Healthcare will remain an issue during the Session, just like two years ago and two years before that and…well, you get the picture. Texas already has the highest uninsured rate in the United States. With rapid changes to the Affordable Care Act (ACA), a.k.a ObamaCare, in Washington D.C., the rate will increase significantly. Texas has never participated in available waivers that would allow expanded coverage, but now even citizens who have privately enrolled in ACA could lose their benefits. The interesting perspective on healthcare financing in Texas is that the bill still has to be paid. Local hospital districts absorb much of the cost of providing care to the uninsured. The money to run these hospital districts comes from your property taxes, so expect an increase there as well.

Property Taxes

Taxation is a hot topic this Session as well. Legislators are constantly bombarded with calls about continuously increasing property taxes, which is an issue across the state. A number of property tax reform bills have already been filed. Some of the approaches include putting caps on increases in property taxes and others look at the way assessments are made. It will be one of the most debated topics of the Session. Everyone from business to property owners will be affected by the outcome.

Eminent Domain

Eminent domain allows both public and private businesses to access private party for the purpose of conveyance. Think pipelines, utilities, railroads, etc. This issue affects multiple industries that are vital to the Texas economy, including energy and transportation. In Texas, you must be offered a fair market value for use of your land. Due to the ever-expanding oil and gas business and infrastructure projects and the importance of landownership and property rights in Texas history, attention around the issue continues to grow every year. Expect a lot of discussion on this topic.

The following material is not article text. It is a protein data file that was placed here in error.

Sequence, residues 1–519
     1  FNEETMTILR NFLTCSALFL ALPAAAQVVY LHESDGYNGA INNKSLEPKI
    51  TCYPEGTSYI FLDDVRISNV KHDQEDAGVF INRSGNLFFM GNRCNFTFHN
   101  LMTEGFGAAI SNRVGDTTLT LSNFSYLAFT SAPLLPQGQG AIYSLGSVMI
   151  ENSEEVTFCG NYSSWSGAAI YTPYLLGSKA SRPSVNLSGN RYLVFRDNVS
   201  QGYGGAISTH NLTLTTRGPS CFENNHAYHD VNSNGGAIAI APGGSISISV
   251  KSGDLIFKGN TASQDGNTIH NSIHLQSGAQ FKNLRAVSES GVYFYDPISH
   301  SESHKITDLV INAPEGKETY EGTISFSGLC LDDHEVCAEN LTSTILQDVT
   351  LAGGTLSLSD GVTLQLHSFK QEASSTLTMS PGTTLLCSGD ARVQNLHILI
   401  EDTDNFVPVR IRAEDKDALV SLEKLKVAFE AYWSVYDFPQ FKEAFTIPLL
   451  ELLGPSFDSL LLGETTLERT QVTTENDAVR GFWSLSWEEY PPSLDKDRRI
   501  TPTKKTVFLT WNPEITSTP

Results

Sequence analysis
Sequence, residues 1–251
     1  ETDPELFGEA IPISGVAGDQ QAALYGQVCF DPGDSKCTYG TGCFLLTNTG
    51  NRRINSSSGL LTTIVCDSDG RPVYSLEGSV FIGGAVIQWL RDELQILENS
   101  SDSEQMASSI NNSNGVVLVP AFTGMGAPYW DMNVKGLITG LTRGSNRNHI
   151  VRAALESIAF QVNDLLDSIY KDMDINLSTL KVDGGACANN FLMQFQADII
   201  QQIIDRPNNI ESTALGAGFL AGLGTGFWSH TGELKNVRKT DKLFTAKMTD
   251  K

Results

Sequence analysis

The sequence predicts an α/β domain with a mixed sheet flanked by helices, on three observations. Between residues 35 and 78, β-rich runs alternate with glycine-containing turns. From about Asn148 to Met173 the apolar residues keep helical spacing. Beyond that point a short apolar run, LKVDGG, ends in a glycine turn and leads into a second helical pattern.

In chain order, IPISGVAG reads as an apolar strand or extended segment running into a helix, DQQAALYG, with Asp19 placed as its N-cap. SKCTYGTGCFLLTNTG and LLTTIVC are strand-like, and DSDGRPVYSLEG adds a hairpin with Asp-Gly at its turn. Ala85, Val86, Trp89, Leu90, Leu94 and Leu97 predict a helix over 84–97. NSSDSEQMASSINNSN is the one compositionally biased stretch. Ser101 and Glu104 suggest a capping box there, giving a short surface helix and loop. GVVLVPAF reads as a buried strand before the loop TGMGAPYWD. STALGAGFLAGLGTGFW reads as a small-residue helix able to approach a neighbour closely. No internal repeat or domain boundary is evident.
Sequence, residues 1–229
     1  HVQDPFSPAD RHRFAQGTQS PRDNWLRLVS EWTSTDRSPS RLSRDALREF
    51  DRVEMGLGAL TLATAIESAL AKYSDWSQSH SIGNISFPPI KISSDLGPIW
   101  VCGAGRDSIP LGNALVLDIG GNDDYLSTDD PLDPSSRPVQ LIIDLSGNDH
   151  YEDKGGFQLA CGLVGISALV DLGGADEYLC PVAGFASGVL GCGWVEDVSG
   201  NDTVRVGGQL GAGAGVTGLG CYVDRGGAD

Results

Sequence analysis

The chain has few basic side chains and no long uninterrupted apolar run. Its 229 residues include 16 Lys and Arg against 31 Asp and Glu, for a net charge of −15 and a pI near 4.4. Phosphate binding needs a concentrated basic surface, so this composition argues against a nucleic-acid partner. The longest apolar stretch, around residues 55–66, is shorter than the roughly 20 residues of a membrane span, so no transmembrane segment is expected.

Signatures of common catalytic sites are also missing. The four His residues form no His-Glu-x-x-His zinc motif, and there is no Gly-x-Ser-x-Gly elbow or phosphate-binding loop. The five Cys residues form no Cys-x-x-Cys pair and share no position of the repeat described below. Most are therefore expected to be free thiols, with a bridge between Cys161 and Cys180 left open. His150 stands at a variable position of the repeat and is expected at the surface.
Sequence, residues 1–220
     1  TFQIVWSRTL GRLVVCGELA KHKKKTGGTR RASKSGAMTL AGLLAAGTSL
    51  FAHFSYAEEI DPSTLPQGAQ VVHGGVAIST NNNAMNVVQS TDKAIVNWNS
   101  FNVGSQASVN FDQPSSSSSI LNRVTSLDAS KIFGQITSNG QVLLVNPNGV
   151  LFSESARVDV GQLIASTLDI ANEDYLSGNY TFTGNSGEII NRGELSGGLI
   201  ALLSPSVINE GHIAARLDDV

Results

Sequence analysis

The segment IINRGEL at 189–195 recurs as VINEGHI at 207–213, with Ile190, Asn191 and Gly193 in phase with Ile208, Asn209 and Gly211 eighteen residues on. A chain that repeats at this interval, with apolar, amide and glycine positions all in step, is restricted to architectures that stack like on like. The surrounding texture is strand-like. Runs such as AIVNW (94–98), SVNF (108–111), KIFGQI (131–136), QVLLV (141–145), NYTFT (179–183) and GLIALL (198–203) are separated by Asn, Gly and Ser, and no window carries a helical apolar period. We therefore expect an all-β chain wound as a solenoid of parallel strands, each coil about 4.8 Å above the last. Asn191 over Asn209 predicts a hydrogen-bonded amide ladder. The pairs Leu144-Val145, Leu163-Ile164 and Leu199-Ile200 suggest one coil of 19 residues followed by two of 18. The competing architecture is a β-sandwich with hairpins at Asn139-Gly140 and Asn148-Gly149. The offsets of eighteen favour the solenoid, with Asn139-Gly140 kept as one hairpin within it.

Infrastructure

With news coming out of the new federal administration that infrastructure funding will be a top priority, you can be certain that Texas will try to maximize the opportunity. The state lags in funding roads and building bridges, and any opportunity to capture additional funding for infrastructure projects will be sought after vigorously.

Ride Sharing (or, State vs. Local Control)

Ride sharing is an issue that will keep lobbyists very busy this Session as well as the conflict between local and state regulation. For example, last May Austin voters banned ride sharing companies Lyft and Uber from operating within the city, while cities, such as Houston and Dallas, have struggled with regulating them. The Legislature has decided to address the issue and possibly pass statewide legislation that keeps the regulations consistent across Texas. Local governments are taking the stance that they should have the right to regulate business in their own municipalities. Expect this one to be one of the most talked about issues of the Session. The decision to go statewide rather than local may affect businesses in a plethora of ways.

Water

Finally, another dominant issue will be water management. Some areas of the state have too much water, while other regions in the state have none (e.g., West Texas). There will be much discussion on how to manage water resources. Some believe this issue has been resolved in previous sessions, but unfortunately that just isn't true. So you can expect some rainstorms and droughts during the Session.

Fasten Your Seat Belts

While these issues are complex and with that comes uncertainty, one thing we can all be sure of is that changes are coming. So it's critical we all stay aware while the Texas Legislature is in Session. And of course, hang on to those wallets and purses.

Senior Vice President Nancy Sims leads Pierpont's public affairs practice, helping clients navigate everything from reputation management and crisis communications to government relations and civic engagement.